Getting in excess of 40 wealthy individuals to not only put their money to such an ambitious project, but also agree a unified plan of attack was always likely to be fraught with difficulty.
Led by leading investment banker and former United director Jim O'Neill, the Red Knights have been inching towards lodging a formal bid for United, which had been anticipated prior to the World Cup's opening game on June 11.
Suggestions that the whole scheme is doomed to failure have wrong-footed some senior figures within the Red Knights, who have privately claimed that the past fortnight has been quite a productive period for the group.
There have been problems to overcome, not least the volcanic ash cloud that delayed crucial meetings, but there remains an optimism the bid will eventually arrive, even if the Red Knights are eager not to constrain themselves to a timescale.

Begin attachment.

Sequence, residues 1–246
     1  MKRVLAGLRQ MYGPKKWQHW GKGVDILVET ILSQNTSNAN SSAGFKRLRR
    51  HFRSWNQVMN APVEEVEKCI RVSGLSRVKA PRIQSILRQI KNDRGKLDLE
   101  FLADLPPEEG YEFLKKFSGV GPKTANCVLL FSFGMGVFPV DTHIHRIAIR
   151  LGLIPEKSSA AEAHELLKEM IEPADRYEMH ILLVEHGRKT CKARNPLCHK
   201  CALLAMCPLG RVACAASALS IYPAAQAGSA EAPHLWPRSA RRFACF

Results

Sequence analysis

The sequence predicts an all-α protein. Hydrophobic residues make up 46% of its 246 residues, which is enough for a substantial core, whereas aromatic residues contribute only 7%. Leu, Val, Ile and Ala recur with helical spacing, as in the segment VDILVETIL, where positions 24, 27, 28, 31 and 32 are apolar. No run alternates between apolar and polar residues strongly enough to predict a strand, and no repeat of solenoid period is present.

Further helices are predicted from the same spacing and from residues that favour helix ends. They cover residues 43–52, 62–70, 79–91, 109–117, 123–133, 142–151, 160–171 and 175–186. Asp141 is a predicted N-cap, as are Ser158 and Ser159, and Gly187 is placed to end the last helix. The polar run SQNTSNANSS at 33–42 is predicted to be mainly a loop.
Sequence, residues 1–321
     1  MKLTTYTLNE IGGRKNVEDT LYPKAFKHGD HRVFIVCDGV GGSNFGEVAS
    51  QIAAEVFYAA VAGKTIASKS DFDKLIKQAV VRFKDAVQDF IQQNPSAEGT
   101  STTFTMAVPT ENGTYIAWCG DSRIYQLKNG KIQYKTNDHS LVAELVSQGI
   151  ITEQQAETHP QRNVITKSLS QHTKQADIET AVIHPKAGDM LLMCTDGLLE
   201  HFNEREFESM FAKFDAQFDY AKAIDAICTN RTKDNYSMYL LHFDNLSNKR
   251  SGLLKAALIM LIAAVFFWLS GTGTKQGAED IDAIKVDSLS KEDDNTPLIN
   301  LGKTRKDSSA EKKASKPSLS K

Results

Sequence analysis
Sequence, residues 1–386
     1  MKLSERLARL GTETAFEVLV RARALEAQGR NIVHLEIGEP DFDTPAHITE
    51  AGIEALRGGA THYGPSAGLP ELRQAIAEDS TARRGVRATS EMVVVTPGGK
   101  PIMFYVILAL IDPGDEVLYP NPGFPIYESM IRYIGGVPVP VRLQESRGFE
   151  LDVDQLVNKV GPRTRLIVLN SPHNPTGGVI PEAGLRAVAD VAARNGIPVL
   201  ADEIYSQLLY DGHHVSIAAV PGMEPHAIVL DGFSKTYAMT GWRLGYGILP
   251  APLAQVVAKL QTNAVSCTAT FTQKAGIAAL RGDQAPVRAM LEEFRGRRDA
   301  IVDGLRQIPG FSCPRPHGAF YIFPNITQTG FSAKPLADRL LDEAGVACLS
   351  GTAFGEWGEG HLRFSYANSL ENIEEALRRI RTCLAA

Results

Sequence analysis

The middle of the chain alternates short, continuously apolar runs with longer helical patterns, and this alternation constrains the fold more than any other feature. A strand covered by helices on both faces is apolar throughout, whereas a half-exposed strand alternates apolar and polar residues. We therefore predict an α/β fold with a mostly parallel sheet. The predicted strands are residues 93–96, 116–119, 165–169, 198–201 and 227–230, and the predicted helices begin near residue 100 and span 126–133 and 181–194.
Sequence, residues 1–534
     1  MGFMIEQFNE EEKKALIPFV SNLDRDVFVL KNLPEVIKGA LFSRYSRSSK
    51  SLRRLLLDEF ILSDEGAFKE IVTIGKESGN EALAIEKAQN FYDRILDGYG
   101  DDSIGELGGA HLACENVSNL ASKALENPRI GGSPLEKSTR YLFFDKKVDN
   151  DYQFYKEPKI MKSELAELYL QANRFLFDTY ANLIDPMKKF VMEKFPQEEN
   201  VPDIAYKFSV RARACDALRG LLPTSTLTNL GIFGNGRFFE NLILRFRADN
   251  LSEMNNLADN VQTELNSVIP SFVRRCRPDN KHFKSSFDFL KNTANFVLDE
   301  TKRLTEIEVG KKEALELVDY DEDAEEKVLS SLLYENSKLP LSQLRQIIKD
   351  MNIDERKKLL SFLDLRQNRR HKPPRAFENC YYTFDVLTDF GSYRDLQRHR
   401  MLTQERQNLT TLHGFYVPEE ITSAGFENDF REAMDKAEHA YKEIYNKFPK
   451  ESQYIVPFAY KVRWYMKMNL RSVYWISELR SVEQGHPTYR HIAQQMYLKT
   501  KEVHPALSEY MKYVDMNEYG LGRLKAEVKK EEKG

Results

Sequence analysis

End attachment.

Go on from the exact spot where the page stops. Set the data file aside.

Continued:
"Talks have been going better than ever and are progressing very positively," confirmed a Red Knights source.
However, even if the attempt to dampen down the impact of the latest gloomy reports succeeds, it does not tackle the fundamental point, namely that the Glazers have repeatedly insisted they are not interested in a sale.
The Red Knights had hoped the sheer scale of the visual green and gold protest against the club's owners, allied to a call not to renew season tickets, would nudge the Glazers in the direction of selling the club, which is now saddled with debts in excess of £700million.
Yet there is no actual sign this is the case.
On the contrary, in announcing another sponsorship deal earlier this week, United were able to trumpet a turnover in excess of £200million from their London-based commercial arm alone.
As chief executive David Gill confirmed earlier this week that sales of season tickets were in line with previous years, it is hard to see why the Glazers would sell at this stage, having only just gone through the process of raising £500million through a controversial bond issue, the small print of which caused such a stir.